The Humane Society of Indianapolis, Inc. is supported solely by contributions, grants, bequests, investments, adoption fees and other fees for service. Their philosophy is that their animals do not have an expiration date. They do not put animals down because of space, time or length of stay. They have a “Grey Muzzle” program that supports senior care in dogs. The program provides high quality medical rehabilitation and behavioral treatment, animal care supplies, programs and services for the dogs to remain happy and reduce their stress. One goal of the program is for individuals to adopt senior dogs with special needs. This care reduces unnecessary pet euthanasia rates.
I must admit that, historically, I am not a big dog lover but have grown to love Lilly. This dog, like many other senior dogs, would die without constant care and special attention. My wife is the wonderful primary care giver for Lilly. We both admit that this dog would have already passed on without our help. Through this experience, I can easily see why people would support philanthropy causes related to animals. If you experience this process first hand then you will gain a new appreciation and will open your pocketbook to help support this type of philanthropy.
Giving to the Humane Society and like organizations is literally “giving to the dogs” and other animals. The organization is certainly not “going to the dogs.” All you need to do is to hold a dog and love it. Trust me, you will be hooked and immediately become a new animal program supporter. I now have a better appreciation for the care and concern for senior dogs in this country. If you are looking to adopt a dog, think of helping a senior dog find a home. You will experience a unique sense of joy and satisfaction of welcoming a new family member into your life!
Duke Haddad, Ed.D., CFRE, is currently associate director of development, director of capital campaigns and director of corporate development for The Salvation Army Indiana Division in Indianapolis. He also serves as president of Duke Haddad and Associates LLC and is a freelance instructor for Nonprofit Web Advisor.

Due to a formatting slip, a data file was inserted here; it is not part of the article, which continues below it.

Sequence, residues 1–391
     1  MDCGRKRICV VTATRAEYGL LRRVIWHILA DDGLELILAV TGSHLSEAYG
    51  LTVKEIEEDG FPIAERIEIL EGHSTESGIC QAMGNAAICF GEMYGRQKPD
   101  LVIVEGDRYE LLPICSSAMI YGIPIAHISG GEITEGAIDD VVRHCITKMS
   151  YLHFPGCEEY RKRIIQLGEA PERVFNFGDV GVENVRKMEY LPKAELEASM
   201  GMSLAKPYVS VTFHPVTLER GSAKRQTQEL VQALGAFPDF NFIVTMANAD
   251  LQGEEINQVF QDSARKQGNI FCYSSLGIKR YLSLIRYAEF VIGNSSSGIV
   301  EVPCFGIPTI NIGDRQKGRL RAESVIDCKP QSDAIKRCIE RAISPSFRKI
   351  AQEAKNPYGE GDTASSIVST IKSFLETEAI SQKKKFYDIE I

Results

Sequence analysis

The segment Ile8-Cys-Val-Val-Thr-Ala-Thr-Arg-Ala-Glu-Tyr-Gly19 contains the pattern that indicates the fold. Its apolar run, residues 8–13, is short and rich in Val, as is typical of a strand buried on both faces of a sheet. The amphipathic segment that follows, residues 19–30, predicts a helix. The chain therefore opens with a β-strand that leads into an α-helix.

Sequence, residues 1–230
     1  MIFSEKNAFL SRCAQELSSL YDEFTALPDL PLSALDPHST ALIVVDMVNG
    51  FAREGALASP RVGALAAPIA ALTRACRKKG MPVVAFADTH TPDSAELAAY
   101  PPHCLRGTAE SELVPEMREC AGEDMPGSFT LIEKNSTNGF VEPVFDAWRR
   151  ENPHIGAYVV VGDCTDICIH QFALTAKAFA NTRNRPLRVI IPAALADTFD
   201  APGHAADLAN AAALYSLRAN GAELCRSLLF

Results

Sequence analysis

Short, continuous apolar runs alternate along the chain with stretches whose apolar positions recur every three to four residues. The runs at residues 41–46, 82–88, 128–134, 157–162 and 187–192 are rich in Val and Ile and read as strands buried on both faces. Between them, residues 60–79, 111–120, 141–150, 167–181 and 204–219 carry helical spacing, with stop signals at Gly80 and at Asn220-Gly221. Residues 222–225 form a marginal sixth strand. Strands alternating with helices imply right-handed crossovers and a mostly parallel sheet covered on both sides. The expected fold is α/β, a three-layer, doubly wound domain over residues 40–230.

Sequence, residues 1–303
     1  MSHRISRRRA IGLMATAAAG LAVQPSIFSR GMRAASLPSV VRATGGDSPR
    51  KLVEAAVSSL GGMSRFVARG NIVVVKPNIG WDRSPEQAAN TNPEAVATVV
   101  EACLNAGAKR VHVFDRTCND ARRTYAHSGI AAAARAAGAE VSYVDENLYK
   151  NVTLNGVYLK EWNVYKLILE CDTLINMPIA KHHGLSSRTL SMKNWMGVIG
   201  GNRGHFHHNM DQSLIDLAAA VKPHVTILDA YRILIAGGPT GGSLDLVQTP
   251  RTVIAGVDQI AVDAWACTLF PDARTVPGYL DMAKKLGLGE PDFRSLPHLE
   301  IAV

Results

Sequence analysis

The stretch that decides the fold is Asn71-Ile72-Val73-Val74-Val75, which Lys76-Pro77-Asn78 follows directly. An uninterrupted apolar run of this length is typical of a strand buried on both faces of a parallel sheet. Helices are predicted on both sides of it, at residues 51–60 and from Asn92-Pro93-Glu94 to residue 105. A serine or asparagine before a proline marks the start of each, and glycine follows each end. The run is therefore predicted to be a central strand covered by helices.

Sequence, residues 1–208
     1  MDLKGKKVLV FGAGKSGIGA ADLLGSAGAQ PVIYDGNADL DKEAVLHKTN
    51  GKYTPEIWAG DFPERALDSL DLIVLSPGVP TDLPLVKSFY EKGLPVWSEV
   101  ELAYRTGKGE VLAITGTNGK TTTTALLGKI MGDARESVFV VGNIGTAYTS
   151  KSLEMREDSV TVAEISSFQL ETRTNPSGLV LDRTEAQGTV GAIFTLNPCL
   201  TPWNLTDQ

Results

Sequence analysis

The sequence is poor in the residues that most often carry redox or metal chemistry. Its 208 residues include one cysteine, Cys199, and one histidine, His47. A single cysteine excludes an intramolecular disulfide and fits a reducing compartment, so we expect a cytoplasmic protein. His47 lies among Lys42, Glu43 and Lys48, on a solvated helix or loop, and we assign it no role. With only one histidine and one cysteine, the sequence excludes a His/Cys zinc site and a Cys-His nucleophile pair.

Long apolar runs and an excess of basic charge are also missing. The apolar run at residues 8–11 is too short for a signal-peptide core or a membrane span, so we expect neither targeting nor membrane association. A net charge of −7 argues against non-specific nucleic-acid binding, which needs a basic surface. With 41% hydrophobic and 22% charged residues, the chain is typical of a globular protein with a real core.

He has been a contributing author to NonProfit PRO since 2008.
He received his doctorate degree from West Virginia University with an emphasis on education administration plus a dissertation on donor characteristics. He received a master’s degree from Marshall University with an emphasis on public administration plus a thesis on annual fund analysis. He secured a bachelor’s degree (cum laude) with an emphasis on marketing/management. He has done post graduate work at the University of Louisville.
Duke has received the Fundraising Executive of the Year Award, from the Association of Fundraising Professionals Indiana Chapter. He also was given the Outstanding West Virginian Award, Kentucky Colonel Award and Sagamore of the Wabash Award from the governors of West Virginia, Kentucky and Indiana, respectively, for his many career contributions in the field of philanthropy. He has maintained a Certified Fund Raising Executive (CFRE) designation for three decades.